(Andrew Niculescu Note) The Internet as a medium has its limits. Web development should be a creative problem solving task where, out of all the tools available, the combination that best suites the task is implemented. There are situations where Flash animation, for example, is the better choice even if it’s transparent to the end user. Developers should not set limits, but utilize all the available technology in creating a robust web presence.
More tips for website optimization
by Bruce Meisterman
My website is already undergoing a redesign and overhaul. The things I’ve learned about one’s website are exactly what you stated. I’d add a few more things to it:
1. Make it easy to navigate. The more user-friendly it is, the deeper the viewer will go.
2. Make sure all your images are optimized for faster downloading.
3. Do not forget to insert Meta tags. These are the keywords that describe what you do. An average number of Meta tags per site is 20.
4. Descriptions of the kind of work you do, your name, your field: painter-oils, painter-acrylic; artist-oils; artist-acrylic; watercolor artist; etc. The further you go with this will result in appearing in more searches.
5. There are many hosting companies out there. Find one that can provide you with daily stats on your site’s activity. This is invaluable because you can see which pages are and aren’t working; where your visitors are coming from; whether you’re getting hits or click-throughs; and much more. Some of them will also submit your site to search engines as an added feature.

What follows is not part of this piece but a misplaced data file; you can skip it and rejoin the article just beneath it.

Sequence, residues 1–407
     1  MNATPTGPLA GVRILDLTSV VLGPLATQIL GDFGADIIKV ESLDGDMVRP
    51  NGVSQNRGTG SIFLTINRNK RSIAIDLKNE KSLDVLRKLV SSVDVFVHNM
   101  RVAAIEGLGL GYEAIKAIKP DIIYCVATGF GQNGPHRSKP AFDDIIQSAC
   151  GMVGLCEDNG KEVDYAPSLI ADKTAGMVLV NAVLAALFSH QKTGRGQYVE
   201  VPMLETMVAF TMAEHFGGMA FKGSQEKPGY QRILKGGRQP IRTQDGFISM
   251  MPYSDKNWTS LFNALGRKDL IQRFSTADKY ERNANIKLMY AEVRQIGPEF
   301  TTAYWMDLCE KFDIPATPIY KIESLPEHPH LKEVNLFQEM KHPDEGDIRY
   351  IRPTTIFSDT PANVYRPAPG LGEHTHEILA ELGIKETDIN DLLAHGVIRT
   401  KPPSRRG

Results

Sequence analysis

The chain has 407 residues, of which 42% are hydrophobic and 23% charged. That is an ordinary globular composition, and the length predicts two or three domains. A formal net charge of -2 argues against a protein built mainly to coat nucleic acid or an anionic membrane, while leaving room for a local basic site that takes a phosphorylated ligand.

6. Get on as many search engines as possible. There are companies that will do this for you. I’ve found one that will re-submit my site to over 300 search engines for only a couple of bucks a month. Make sure Google is one of the engines you get on. They supply a lot of other engines with their information so you get in on them via an activity called “spidering.” Also look for search engines that will include you for free.
7. Have text on every gallery page. These aid search engines in seeking you out.
8. Get a web designer who knows what they’re doing. (My experience the first time out was akin to a root canal.)
9. Make it easy for viewers to contact you. Have multiple links to call up a pre-addressed e-mail to you from the viewer. This aids in increasing contacts.
(Andrew Niculescu Note) The above are valuable tips for creating well-rounded web sites. Note the term web designer refers to a person in charge of the ‘look’ of a web site. A dealer friendly web site is meant to ultimately help you sell your artwork and its development should not be treated superficially. To create a web site you need: Planning, Design, Development, Marketing and Maintenance. This used to require at least 3 people. Now, professional developers have perfected the marketing and design techniques in order to provide complete solutions.